(a) What is the expected rate of return of this project?

(b) What is the beta of this project? [Hint- In this case, note that

(t) Is this an acceptable project based on a CAPM criterion? In particular, what is the excess rate of return (4- or —) above the return predicted by the CAPM?

9„ (Gavin's problem) Prove to Gavin Jones that the results he obtained in Examples 7 5 and 7.7 were not accidents Specifically, for a fund with return ary + (1 — ct)>M, show that both CAPM pricing formulas give the price of \$100 worth of fund assets as \$100

The CAPM theory was developed independently in references 11—4] There are now numerous extensions and textbook accounts of that theory Consult any of the basic finance textbooks listed as references for Chapter 2 The application of this theory to mutual fund performance evaluation was presented in [5, 6] An alternative measure, not discussed in this chapter, is due n - rz ~ j8fM (*",»/

### REFERENCES

to Treynor . For summaries of the application of CAPM to corporate analysis, see f8, 9] The idea of using a zero-beta asset, as in Exercise 7, is due to Biack 

1 Sharpe, W. F. (1964), "Capital Asset Prices: A Theory of Market Equilibrium under Con ditions of Risk," Journal of Finance, 19, 425-442

2 L imner, J (1965), "The Valuation of Risk Assets and the Selection of Risky Investment in

Stock Portfolios and Capital Budgets," Review of Economics and Statistics, 47, 1.3—37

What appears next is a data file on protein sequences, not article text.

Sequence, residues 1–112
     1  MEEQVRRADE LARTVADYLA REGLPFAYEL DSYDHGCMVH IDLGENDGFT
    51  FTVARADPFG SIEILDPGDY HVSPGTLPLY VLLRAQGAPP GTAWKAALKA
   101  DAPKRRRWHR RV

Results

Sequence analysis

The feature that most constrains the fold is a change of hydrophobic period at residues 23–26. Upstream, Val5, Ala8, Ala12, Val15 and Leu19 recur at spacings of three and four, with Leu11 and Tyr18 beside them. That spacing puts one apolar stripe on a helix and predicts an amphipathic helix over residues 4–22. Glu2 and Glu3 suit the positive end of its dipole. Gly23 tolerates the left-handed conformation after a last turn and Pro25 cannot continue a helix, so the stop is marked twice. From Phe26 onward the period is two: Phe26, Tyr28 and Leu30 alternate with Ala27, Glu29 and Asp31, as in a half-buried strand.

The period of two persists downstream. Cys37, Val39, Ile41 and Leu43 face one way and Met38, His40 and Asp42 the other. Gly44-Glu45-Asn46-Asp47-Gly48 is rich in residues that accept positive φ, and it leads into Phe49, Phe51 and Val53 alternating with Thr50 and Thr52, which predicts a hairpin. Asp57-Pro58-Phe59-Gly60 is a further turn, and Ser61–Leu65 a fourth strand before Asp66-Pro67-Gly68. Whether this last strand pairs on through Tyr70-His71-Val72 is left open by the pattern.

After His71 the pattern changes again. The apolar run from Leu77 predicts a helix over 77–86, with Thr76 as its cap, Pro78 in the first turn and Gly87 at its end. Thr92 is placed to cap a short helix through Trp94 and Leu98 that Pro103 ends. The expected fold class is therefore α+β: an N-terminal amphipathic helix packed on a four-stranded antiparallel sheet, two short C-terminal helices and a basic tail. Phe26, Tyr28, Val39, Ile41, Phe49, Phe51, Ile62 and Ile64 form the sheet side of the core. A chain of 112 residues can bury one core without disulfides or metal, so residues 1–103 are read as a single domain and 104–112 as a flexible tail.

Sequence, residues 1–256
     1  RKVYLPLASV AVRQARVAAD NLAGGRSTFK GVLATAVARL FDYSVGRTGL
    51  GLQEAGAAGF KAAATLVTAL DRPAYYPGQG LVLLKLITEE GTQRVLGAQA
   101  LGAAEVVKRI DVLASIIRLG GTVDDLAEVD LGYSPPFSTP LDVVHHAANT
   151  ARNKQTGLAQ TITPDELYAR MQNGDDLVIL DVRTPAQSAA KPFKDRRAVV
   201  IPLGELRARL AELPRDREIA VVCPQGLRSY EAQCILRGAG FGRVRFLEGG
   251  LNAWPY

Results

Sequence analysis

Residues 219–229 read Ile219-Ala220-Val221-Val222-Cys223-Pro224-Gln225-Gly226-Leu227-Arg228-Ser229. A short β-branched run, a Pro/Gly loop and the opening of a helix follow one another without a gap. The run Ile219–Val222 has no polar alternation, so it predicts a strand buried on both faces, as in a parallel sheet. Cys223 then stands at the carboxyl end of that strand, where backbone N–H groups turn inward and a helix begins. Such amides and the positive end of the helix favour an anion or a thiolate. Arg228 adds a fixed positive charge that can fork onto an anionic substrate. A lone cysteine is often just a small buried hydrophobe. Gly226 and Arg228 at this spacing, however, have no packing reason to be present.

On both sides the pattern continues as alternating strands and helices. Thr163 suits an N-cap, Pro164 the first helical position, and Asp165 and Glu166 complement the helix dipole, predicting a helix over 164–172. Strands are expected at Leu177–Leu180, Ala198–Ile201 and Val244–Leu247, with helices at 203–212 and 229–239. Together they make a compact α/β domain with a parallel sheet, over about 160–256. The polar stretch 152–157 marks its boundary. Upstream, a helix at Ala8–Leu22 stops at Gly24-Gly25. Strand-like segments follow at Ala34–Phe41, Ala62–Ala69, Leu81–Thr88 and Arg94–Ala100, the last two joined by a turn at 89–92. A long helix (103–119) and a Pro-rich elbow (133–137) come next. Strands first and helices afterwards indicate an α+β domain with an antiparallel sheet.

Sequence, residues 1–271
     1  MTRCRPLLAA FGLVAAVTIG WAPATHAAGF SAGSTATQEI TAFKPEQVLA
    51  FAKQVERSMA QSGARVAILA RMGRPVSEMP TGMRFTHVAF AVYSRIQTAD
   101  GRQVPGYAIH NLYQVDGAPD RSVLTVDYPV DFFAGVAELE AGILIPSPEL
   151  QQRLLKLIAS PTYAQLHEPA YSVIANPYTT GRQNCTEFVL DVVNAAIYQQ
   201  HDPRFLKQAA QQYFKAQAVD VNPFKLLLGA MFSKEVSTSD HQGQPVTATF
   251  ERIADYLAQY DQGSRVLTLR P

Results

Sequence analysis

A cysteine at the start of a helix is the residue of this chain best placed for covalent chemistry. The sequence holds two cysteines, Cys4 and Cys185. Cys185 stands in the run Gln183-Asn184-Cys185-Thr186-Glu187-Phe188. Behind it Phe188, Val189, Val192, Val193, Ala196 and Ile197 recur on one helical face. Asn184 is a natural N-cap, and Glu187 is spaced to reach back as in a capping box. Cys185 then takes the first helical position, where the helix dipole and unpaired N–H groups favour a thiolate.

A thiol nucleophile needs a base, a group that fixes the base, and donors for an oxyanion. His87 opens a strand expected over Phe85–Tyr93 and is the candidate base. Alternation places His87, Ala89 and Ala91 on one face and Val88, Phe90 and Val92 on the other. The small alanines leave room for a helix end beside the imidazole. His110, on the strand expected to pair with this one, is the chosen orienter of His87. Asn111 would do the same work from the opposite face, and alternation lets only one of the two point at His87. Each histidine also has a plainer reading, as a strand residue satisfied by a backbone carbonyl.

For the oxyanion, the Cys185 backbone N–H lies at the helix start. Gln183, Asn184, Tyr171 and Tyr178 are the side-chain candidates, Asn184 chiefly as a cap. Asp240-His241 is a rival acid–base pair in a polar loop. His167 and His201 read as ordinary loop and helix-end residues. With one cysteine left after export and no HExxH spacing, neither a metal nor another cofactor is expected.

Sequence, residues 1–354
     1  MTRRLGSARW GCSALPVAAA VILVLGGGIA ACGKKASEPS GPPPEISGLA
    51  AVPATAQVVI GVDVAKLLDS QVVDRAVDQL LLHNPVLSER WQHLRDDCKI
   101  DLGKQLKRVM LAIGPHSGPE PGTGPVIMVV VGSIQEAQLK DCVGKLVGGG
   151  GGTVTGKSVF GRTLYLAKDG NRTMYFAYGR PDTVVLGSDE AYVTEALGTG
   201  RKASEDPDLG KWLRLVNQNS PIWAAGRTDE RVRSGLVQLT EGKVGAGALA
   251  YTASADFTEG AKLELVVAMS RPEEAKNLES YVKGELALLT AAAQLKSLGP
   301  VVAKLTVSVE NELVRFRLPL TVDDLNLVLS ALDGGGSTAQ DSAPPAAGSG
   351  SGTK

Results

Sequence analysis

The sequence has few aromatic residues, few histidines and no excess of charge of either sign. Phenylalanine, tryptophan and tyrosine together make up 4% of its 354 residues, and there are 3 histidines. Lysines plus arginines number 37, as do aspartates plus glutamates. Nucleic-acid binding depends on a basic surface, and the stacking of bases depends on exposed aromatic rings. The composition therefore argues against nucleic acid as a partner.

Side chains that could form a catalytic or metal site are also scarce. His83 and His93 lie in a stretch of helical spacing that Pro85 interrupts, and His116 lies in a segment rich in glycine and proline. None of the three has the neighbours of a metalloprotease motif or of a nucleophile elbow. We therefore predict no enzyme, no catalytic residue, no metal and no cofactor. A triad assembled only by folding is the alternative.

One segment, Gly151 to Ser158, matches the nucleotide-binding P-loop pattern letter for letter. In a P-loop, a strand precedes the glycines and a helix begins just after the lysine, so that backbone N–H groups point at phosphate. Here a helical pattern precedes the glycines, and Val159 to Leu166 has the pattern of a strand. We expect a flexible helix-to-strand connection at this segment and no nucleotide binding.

3 Mossin, J (1966), "Equilibrium in a Capital Asset Market," Economctrica, 34, no. 4,

768-783

4 Treynor, J L (1961), "Towards a Theory of Market Value of Risky Assets," unpublished manuscript

5. Sharpe, W F (1966), "Mutual Fund Performance." Journal of Business, 39, January,

119-138

6. Jensen, M C (1969), "Risk, the Pricing of Capital Assets, and the Evaluation of Investment

Portfolios," Journal of Business, 42, April, 167-247.

7. Treynor, J L. (1965), "How to Rate Management Investment Funds," Harvard Business

Review, 43, January-February, 63-75 8 Rubinstein, M. E (1973), "A Mean-Variance Synthesis of Corporate Financial Theory,"

Journal of Finance, 28, 167-182 9. Fama, E F (1977), "Risk-Adjusted Discount Rates and Capital Budgeting under Uncertainty," Journal of Financial Economics, 5, 3-24 10 Black, F (1972), "Capital Market Equilibrium with Restricted Borrowing," Journal of Business, 45, 445-454